6. Geriatric Pharmacotherapy

  1. Brent C. Williams MD, MPH1,
  2. Preeti N. Malani MD, MSJ2 and
  3. David H. Wesorick MD3
  1. Gabe Solomon,
  2. Macgregor A. Montaño and
  3. Paul C. Walker

Published Online: 26 JUL 2013

DOI: 10.1002/9781118674963.ch6

Hospitalists' Guide to the Care of Older Patients

Hospitalists' Guide to the Care of Older Patients

How to Cite

Solomon, G., Montaño, M. A. and Walker, P. C. (2013) Geriatric Pharmacotherapy, in Hospitalists' Guide to the Care of Older Patients (eds B. C. Williams, P. N. Malani and D. H. Wesorick), John Wiley & Sons, Inc., Hoboken, NJ, USA. doi: 10.1002/9781118674963.ch6

Editor Information

  1. 1

    Divisions of General Medicine and Geriatrics and Palliative Care, Department of Internal Medicine, University of Michigan

  2. 2

    Division of Infectious Diseases, Department of Internal Medicine, University of Michigan, Geriatric Research Education and Clinical Center, Veterans Affairs Ann Arbor Healthcare System

  3. 3

    Division of General Medicine, Hospitalist Program, Department of Internal Medicine, University of Michigan

Publication History

  1. Published Online: 26 JUL 2013
  2. Published Print: 23 AUG 2013

ISBN Information

Print ISBN: 9781118127926

Online ISBN: 9781118674963

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Keywords:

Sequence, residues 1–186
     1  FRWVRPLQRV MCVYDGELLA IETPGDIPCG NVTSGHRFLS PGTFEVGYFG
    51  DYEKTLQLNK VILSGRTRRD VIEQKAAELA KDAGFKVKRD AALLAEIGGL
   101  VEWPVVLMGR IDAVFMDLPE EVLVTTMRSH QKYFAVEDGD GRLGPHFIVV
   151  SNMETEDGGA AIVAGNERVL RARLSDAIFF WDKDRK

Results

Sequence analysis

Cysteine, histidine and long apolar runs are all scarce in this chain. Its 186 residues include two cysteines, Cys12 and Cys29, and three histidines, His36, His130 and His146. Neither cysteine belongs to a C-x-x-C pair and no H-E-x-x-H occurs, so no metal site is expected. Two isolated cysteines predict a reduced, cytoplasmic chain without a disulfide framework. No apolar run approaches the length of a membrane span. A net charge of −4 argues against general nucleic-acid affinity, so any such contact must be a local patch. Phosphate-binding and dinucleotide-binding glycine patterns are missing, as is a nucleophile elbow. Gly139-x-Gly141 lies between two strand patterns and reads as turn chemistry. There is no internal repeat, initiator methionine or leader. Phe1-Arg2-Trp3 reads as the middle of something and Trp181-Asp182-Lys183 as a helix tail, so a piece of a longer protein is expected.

• adverse drug events (ADEs);
  • adverse drug reactions (ADRs);
  • geriatric pharmacotherapy;
  • medication adherence;
  • older adults;
  • polypharmacy;
  • transitional care issues

Summary

A fundamental barrier to safe and effective medication use in the geriatric population is the absence of a strong evidence base to guide clinical decision‐making. This chapter provides a framework for hospitalists to optimize medication use in older adults in the acute care setting. Overcoming challenges in prescribing for older adults, identifying inappropriate medications, and avoiding adverse drug reactions (ADRs) are reviewed with an emphasis on commonly used, high‐risk medications in the hospitalist's armamentarium. The chapter addresses transitional care issues since older patients are particularly vulnerable to fragmented care when moving between care settings. Patients at greatest risk of polypharmacy include older patients taking five or more drugs, those with multiple physicians and pharmacies, those with impairments in vision or dexterity, and individuals recently hospitalized. A meta‐analysis found that the incidence of serious and fatal adverse drug events (ADEs) in hospitalized patients is extremely high.